I look forward to Joomla! continuing to mature in this way and to use blogging for discussion of concepts. Sorry, but Drupal will be heading the other way. :P WordPress is taking huge steps towards the CMS market and the group blogging environment. Will be interesting to see if their discussions get more lofty or more commercial.
I tried for polite and subtle, but, apparently just turned out to be unclear. Straight up - the WP integration was ridiculous. Who in their right mind would put someone else's CMS inside of their own? Time would have been better spent on a little comment module. The person who reached that conclusion is gone.
I can't think of an open source CMS that doesn't integrate with phpBB or SMF. That includes WordPress and Drupal. Sorry, but, Drupal's forum is not the best. Neither is WordPress's. Joomla! does have a native forum. It's called FireBoard. I don't think it's any worse - or any better - than the other two.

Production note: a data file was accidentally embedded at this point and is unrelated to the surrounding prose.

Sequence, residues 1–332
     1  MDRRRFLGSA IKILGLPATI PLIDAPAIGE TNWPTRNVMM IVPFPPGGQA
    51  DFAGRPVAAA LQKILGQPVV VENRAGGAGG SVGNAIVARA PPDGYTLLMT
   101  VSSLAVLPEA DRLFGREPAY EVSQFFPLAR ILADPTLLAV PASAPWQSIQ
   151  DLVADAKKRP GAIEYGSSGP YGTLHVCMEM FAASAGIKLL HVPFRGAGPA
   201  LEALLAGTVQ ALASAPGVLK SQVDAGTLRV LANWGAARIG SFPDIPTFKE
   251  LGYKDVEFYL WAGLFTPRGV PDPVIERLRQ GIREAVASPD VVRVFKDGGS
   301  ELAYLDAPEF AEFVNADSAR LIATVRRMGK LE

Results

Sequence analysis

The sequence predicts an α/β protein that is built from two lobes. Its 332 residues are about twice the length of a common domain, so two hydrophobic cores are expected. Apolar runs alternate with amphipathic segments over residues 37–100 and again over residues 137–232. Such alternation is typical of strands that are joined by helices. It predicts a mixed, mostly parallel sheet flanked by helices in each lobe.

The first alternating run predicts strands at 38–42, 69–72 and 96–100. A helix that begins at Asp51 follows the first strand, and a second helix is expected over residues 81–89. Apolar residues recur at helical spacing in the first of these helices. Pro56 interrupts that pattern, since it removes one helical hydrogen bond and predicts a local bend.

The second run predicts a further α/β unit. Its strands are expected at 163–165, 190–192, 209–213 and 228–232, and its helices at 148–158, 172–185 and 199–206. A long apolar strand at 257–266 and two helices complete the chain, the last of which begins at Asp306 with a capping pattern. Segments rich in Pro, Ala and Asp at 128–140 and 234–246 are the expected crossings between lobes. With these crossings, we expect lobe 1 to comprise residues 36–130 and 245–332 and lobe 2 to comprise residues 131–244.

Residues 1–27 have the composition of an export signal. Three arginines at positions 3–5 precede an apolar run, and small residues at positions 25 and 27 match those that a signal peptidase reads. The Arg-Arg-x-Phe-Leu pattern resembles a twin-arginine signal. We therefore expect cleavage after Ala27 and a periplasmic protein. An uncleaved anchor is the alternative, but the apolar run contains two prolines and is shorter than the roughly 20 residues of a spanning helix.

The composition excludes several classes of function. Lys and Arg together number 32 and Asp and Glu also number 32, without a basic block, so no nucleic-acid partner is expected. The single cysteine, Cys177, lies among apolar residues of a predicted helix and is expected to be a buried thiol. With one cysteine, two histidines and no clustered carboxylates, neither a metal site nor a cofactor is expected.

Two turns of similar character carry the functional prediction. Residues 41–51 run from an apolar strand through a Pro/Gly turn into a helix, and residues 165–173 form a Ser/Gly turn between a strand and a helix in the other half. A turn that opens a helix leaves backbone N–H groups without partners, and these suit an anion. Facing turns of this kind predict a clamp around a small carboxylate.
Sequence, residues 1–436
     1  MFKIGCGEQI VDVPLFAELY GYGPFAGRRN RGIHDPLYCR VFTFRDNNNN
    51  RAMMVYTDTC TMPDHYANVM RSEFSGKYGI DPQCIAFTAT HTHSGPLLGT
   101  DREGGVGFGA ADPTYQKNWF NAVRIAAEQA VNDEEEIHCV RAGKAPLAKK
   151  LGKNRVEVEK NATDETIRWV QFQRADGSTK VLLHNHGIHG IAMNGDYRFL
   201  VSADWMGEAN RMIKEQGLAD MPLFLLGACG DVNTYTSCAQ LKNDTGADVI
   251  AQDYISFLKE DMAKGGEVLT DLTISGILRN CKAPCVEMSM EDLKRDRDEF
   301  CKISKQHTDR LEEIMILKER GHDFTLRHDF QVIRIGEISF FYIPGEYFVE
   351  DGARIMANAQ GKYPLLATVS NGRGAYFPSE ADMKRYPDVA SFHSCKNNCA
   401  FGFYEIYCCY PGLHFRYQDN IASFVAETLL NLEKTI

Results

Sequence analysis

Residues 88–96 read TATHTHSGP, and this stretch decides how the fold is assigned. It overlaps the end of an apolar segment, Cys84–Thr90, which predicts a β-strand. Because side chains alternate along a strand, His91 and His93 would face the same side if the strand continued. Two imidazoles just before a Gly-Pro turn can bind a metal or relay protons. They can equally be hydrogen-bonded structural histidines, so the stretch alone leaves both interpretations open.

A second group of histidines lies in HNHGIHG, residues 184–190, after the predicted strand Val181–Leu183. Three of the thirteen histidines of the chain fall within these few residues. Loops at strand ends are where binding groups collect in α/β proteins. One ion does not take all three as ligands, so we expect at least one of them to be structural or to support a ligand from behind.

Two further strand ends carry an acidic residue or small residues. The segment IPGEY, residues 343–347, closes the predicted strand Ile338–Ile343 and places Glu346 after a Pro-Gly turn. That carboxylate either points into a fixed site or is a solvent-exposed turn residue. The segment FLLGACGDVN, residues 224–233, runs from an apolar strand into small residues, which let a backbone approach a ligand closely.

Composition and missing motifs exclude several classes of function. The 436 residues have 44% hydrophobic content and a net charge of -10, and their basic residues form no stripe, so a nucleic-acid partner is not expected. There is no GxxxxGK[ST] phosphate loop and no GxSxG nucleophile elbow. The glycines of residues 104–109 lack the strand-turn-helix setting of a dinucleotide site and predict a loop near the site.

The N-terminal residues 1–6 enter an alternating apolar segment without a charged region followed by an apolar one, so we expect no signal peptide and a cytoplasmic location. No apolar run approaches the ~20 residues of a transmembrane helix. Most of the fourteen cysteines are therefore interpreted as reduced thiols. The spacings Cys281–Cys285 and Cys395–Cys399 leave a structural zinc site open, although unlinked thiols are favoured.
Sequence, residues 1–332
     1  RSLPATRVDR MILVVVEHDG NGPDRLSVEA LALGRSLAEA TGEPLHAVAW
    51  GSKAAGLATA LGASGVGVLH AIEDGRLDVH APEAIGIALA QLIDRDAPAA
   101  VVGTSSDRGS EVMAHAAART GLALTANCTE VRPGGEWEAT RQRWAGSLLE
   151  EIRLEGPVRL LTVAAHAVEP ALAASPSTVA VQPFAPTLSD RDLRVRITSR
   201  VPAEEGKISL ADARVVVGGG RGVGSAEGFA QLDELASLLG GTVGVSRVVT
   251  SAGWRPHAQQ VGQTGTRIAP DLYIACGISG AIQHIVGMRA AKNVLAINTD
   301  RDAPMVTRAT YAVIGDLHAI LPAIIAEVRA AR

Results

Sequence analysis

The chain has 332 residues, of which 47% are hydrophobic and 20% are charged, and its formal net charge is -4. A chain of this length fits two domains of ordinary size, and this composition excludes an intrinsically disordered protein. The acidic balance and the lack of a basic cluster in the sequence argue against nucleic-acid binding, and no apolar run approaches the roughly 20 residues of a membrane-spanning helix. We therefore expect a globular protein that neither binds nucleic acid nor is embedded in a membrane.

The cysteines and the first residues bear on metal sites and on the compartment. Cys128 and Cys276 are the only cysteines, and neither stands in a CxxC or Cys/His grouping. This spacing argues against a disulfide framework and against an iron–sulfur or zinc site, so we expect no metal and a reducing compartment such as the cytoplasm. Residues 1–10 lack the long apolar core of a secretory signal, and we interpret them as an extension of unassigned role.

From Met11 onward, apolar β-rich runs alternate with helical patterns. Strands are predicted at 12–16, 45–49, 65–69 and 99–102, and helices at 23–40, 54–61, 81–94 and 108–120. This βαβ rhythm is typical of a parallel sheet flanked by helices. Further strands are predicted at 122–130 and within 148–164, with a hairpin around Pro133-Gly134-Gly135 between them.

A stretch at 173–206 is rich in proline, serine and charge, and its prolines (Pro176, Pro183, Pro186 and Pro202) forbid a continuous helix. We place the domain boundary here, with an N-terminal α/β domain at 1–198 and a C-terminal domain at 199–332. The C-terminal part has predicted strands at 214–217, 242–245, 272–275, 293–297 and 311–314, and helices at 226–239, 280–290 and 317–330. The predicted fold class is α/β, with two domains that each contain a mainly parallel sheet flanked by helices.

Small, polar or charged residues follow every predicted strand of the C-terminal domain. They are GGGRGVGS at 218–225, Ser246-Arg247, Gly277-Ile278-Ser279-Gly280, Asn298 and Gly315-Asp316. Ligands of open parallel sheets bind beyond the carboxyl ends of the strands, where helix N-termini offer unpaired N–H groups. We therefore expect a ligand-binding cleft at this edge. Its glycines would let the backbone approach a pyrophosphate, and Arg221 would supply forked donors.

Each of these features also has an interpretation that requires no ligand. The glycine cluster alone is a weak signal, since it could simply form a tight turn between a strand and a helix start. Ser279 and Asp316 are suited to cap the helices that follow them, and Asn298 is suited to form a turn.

Perhaps others who focus exclusively on forums, build better forums?
Is there any CMS with a native shopping cart app? But, if you need strong support for eCommerce - does anyone doubt that Joomla! is clearly in front?
It is odd to hear you say you prefer a CMS that delivers more features in core. Drupal doesn't come with much in Core, at all. WordPress is just cute as a button - but - it's lean and mean in core, too. Have you heard the claim that Joomla! is bloated? Well - it's because SO MUCH is bundled in core. The talk in Joomla! is increasingly about unloading that baby fat and stripping down to the shiny new MVC application architecture, object oriented environment underneath. Getting naked, as it were.
I didn't mean "your" list. I meant "the list" of OSCMS options available to the world. My apologies for my poor wording. :P
Amy beams. :-)
This is actually good discussion. Though, again I'm not trying to push anyone into defending Joomla! here, but instead discussing Joomla!